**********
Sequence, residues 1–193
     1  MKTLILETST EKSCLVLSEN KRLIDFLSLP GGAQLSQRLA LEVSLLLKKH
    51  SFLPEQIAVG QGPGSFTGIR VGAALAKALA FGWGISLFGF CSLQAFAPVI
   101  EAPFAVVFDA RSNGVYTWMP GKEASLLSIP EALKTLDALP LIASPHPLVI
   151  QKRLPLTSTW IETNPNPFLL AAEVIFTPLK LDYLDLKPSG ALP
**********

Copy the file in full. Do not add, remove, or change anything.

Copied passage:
Sequence, residues 1–193
     1  MKTLILETST EKSCLVLSEN KRLIDFLSLP GGAQLSQRLA LEVSLLLKKH
    51  SFLPEQIAVG QGPGSFTGIR VGAALAKALA FGWGISLFGF CSLQAFAPVI
   101  EAPFAVVFDA RSNGVYTWMP GKEASLLSIP EALKTLDALP LIASPHPLVI
   151  QKRLPLTSTW IETNPNPFLL AAEVIFTPLK LDYLDLKPSG ALP